How I Learned to Stop Worrying and Love Apprenticeships

03 Apr 2019

I started out as any other student doing A-levels, being force-fed the idea that to have any semblance of success in life I have to be looking at universities, which I partly believed. After passing my A-levels and planning to take a gap-year to mull over going to University, worrying about the £40,000+ debt once I finish, then the job hunt, where you are competing with hundreds (if not thousands) of starry-eyed graduates that have the same degree. What I quickly learned about the IT industry, however, is that a degree doesn't tell a employer how good you are at writing code, because in the industry, experience takes precedence.

alan rothIts not unheard of for employers to hire self-taught programmers who managed to make a decent software portfolio for themselves over fresh graduates, but a buggy web-app is not going to wow an employer, either. I knew I wanted to write code for living, but wasn't sure how I was going to achieve that, maybe a brand new Twitter, cool new website, or a epic new game? That's where many people go and fall flat, if they don't get fed up with the overwhelming workload, which is often under-estimated. This was until my computer science professor emailed me a link to a Degree Apprenticeship with Payara, it felt too good to be true whilst reading it! A job, experience, and a degree? This wasn't just a jump-start to a software engineering career, but a pole vault!


Now, I've had my misconceptions about apprenticeships, and if anyone mentioned them I imagined people that failed their GCSES, but this isn't the case at level 6-7 Apprenticeships. An apprenticeship is not any easier to get into than university, maybe even harder, but don't let that put you off, since it is worth it if you have the passion for what you want to do.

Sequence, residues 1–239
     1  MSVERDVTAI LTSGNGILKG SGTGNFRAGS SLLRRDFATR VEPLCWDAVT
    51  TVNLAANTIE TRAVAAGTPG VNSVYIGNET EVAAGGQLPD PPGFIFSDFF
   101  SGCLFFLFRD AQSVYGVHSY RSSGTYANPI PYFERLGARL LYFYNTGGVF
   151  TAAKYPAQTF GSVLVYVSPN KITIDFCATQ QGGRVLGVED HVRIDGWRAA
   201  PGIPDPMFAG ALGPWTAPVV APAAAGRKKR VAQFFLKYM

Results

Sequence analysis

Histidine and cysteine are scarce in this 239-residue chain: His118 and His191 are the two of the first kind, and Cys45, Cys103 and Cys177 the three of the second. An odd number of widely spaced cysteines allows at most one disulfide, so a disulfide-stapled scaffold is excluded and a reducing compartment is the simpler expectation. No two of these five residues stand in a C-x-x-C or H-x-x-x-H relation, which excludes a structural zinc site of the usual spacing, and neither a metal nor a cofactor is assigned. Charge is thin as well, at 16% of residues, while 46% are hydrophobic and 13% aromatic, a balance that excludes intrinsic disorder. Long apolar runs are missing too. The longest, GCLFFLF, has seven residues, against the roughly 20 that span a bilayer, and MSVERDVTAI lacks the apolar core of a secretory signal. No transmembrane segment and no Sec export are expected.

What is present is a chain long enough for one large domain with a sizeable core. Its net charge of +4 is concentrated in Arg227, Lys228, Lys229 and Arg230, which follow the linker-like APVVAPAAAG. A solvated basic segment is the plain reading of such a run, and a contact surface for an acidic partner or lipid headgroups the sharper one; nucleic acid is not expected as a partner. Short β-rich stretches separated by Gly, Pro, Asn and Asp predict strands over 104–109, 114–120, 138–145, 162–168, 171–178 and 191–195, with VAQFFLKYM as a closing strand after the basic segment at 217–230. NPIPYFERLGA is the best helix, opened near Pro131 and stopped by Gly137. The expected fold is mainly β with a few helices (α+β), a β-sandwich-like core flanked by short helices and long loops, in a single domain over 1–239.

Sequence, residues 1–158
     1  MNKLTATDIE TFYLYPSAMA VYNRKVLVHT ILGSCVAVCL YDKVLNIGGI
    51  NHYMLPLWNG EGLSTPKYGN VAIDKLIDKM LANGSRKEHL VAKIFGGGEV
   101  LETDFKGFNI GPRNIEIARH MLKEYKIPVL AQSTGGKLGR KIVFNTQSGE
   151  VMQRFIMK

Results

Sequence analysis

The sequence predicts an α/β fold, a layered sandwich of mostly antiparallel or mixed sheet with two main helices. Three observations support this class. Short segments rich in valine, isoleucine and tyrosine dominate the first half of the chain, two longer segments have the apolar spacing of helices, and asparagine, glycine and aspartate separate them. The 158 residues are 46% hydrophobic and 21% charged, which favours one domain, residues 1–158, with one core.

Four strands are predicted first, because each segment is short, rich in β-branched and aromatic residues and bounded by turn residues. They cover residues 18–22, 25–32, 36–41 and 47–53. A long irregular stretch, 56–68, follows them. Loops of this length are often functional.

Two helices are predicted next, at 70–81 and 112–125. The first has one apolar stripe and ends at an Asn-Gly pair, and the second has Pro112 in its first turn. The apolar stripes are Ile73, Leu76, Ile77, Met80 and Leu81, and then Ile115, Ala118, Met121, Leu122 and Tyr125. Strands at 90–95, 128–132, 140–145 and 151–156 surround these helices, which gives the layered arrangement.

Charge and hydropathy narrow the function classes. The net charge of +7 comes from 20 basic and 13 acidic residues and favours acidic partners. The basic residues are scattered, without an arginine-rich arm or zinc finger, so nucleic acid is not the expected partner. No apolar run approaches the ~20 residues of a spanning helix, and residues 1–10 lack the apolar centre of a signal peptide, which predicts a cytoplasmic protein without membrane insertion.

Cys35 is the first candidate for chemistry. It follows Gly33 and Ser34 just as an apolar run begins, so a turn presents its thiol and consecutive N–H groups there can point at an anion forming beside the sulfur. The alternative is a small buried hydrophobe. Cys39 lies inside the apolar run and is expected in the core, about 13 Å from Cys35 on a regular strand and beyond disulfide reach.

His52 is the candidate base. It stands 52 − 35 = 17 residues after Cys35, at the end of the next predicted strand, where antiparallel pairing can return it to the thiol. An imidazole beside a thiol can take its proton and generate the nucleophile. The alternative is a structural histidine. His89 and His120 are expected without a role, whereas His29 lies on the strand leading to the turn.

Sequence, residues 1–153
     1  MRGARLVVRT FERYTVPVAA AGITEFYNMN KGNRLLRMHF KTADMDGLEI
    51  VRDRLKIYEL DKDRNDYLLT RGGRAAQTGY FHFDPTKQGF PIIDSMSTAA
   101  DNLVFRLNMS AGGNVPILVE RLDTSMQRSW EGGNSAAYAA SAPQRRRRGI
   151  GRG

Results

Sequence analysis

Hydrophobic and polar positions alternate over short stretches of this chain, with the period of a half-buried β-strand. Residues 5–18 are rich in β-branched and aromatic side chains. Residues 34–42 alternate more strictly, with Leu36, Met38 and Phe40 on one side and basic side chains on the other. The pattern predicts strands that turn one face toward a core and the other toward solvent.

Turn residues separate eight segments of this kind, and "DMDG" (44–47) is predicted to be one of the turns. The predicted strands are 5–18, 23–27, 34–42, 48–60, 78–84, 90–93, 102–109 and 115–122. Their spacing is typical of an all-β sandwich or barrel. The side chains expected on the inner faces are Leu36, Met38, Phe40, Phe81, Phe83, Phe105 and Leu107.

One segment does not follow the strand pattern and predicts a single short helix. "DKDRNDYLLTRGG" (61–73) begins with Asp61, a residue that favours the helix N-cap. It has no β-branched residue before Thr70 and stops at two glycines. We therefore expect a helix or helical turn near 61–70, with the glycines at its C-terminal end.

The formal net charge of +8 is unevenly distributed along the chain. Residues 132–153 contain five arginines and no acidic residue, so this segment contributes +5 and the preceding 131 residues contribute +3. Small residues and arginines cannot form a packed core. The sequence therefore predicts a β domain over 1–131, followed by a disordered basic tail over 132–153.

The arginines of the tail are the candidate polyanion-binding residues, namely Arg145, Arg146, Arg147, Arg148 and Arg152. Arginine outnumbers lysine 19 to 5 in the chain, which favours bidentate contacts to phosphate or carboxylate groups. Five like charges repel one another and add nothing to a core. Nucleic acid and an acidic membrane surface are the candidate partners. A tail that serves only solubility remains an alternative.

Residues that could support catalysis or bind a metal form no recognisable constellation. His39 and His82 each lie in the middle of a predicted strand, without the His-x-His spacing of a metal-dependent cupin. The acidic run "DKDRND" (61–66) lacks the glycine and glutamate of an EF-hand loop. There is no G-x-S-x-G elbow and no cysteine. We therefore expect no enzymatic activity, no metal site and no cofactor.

Judgement Day

The application process was simple, I sent my information and awaited a reply, and was excited to see I'd been invited to a interview. The interview process consisted of a technical task, technical interview and non-technical interview. I was given 45 minutes to program something, I made a (buggy) side scrolling space ship shooter, then 30 minutes of technical questions about what I wrote and why. This was followed by 30 minutes of traditional interviewing. So, it was quite an intense process.

Then the wait began, which got me thinking I wasn't accepted. I kept thinking surely it doesn't take this long, maybe I was so bad they hoped I'd forget and find something else to do?! But with much relief I got the email saying I was accepted! After sending some documents back and forth and signing some things, I started as an Apprentice Java Developer on the 12th of November 2018, a milestone for a life-long career.

Working as a Developer

You may be thinking, 'He's only an apprentice!' well, yes, but at Payara, an apprentice is treated the same as a 'real' (very heavy air quotes) developer. Maybe I'm not as experienced, but that comes with time. My first real contribution was some documentation on a new feature that was added in the latest patch, someone somewhere using Payara Server might glance over it time to time, which made me want to make it the best documentation there is, clear and useful, because it might help someone somewhere using Payara products, and the happier they are using our products the more popular Payara becomes. I'm excited to be part of the solution.

The Company

I might not have many other software companies to compare to, but I know a good one when I see one. Payara is growing very fast, the culture is very relaxed, and when the CEO is in office, he sits at the desk next to me. A Microsoft employee wouldn't dream of sitting next to Bill Gates! The company structure is pretty broad, meaning there is a lot of communication, which I'm sure the project manager is thankful for, and I don't have to jump through hoops to get things done.


Don't think that Payara is just some little office in Malvern, though, its actually a global company. Only around half of the whole team is in the office and the rest are spread out among 14 other countries!

The End

If you join the Java community, you'll be sure to hear about Payara! If you're a UK student looking into a technical coding career, consider an apprenticeship program with Payara. Thanks for reading about my experience... but now I'm off to fix some more bugs!